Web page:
In 1887 an England team sailed south to bowl out Australia for 119 and 97 in one Test match, then 84 and 150 in another. A few years later, starting in December 1901, England kept Australia to 168, 172, and 112.
Those are the only times when an Australian team has started a home summer with their first three all-out innings being under 200. Two occasions, over a century ago. But this season, Australia are a chance for a third.
The team of 2020 were bowled out for 191 in the first innings at Adelaide, and while there was a winning run chase of 93 for two, they followed it up with 195 in the first dig at Melbourne. The fourth day of the second Test will resume with Australia at 133 for 6 in the second innings, a decent chance to stay under 200 again.
It might not happen – Cameron Green and Pat Cummins might put on a huge rearguard – but the fact remains that Australia have put themselves in this position repeatedly against India.
It is hard to compute that a team can bowl out their opposition for 36 in a Test series and still be the one under the pump. Yet here we are. Australia’s bowlers had a Lou Reed perfect day in Adelaide to smash through India, but they had to be that good to compensate for their teammates’ batting.
The other match-saving contribution came via the wicketkeeper’s runs from No 7. The specialists have been fragments and figments.
It wasn’t supposed to be this way. Marnus Labuschagne was the new Ricky Ponting, Steve Smith was the old Steve Smith. Travis Head had another year’s worth of tons under his belt for country and state.
The major difference compared to India’s series win in Australia two years ago was that Smith and David Warner were back, bridging the gap in batting class. Except in the end Warner isn’t back at all, he has been in Sydney and in airports and in quarantine and in the nets, always a promise on the way.
Smith meanwhile has been back without being back at all, more a haunting than a manifestation. On Monday he was named the ICC’s Test Player of the Decade, the same day that he was bowled by Jasprit Bumrah for 8 to complete the worst four scores of his career.
The only other time he played India at home, in 2014-15, Smith made 162 not out, 52 not out, 133, 28, 192, 14, 117 and 71, a century in all four Tests and an average deep into triple figures.
So far this time he has made 1, 1 not out, 0 and 8, a total of 10 runs. His work across the decade has been extraordinary in the most literal sense, but it makes this current patch all the more bizarre. Only one other time has he sequenced four scores in single figures, and that was across the Trent Bridge and Edgbaston Tests that Australia lost in 2015 to concede the Ashes.
Since the subsequent Ashes of 2019, the high-water mark of a tidal career, he has averaged 26.4. Australia have only had seven Tests in that span, but 15 months since a century is starting to feel like a very long time. Even his mighty overall average has fallen from 64.8 to 61.3.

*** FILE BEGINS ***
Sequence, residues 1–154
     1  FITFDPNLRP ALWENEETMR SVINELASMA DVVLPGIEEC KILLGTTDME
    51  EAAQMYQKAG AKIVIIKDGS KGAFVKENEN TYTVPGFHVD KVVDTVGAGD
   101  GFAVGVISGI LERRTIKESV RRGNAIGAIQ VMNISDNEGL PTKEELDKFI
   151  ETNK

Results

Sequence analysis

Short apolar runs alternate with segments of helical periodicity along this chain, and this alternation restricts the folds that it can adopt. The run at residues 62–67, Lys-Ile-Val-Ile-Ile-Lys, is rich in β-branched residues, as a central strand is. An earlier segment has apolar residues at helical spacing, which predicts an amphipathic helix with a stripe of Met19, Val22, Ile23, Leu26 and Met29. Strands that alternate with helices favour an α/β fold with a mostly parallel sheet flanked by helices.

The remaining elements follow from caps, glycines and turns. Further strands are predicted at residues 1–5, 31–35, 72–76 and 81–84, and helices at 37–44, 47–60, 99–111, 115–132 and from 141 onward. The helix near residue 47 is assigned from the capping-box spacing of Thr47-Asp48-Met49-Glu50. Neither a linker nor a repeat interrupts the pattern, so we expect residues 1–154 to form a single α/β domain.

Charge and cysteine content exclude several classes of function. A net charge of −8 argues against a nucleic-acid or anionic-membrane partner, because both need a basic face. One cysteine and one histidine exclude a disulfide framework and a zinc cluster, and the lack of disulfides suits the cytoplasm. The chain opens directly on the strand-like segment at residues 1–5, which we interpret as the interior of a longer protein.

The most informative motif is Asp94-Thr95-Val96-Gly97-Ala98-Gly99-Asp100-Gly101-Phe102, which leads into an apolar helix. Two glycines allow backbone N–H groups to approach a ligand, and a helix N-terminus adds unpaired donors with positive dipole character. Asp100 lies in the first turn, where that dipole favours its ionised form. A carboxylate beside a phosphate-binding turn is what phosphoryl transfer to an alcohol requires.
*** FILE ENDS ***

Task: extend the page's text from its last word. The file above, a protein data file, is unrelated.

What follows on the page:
It is all the more bewildering considering how he batted in the one-day series only weeks ago, with clearly his most dominant ball-striking in format. Nor is the problem that he’s come into Test matches in one-day mode. He has come out in none-day mode. He has looked hesitant, unsure.
In the second innings at Melbourne, before he was bowled by a ball that kissed leg stump, he turned one off his hip straight to the leg slip that has been ever-present since Stuart Broad had him caught him there at The Oval.
Every time, Smith has turned as though surprised to find someone standing there. The next time, he has carried right on with the shot. The problem has been repeating since Neil Wagner of New Zealand kept hitting that spot last summer, and for once the batting savant has not yet dug up an answer.
Labuschagne has been almost as much out of sorts, from peeling off hundreds to peeling spuds. It has looked like ego on display: the way he kept on hooking at Adelaide despite being dropped multiple times, or giving himself a Lleyton Hewitt charge-up in Melbourne when an lbw review went his way, or hanging around far too long after getting out, looking around as in disbelief at being dismissed. Perhaps those of us who write cannot blame a player for believing his own press, but a year ago Marnus was about doing nothing but the work.
As for Head, his specialty has been scores between about 15 and 40, ending when he flashes outside off stump for a catch behind point. This series has all been just a little bit of history repeating. Matthew Wade has done his job as a makeshift opener but has not gone on to something major. The whole set-up has been off kilter with Warner missing at the top and Joe Burns commuting from Struggle Town in an effort to deputise.
Cricket leaves room for miracles: they occur often enough that perhaps we should not be as surprised as we are. There is a chance that the new boy Cameron Green and the poster boy Patrick Cummins will bat Australia far enough in front and then lead a stirring bowling performance to steal a win. India’s batting has its own vulnerabilities.
But as in Adelaide, the result won’t change the substance. This is an Australian team whose players have talked about dominance and dynasties and the unending search for perfection, as is contractually mandated. It is also a team that is struggling against quality bowling, even though India’s senior ranks have dwindled by the day. Beating Pakistan and New Zealand a year ago was predictably an oasis. For now, it’s back to the hot sand.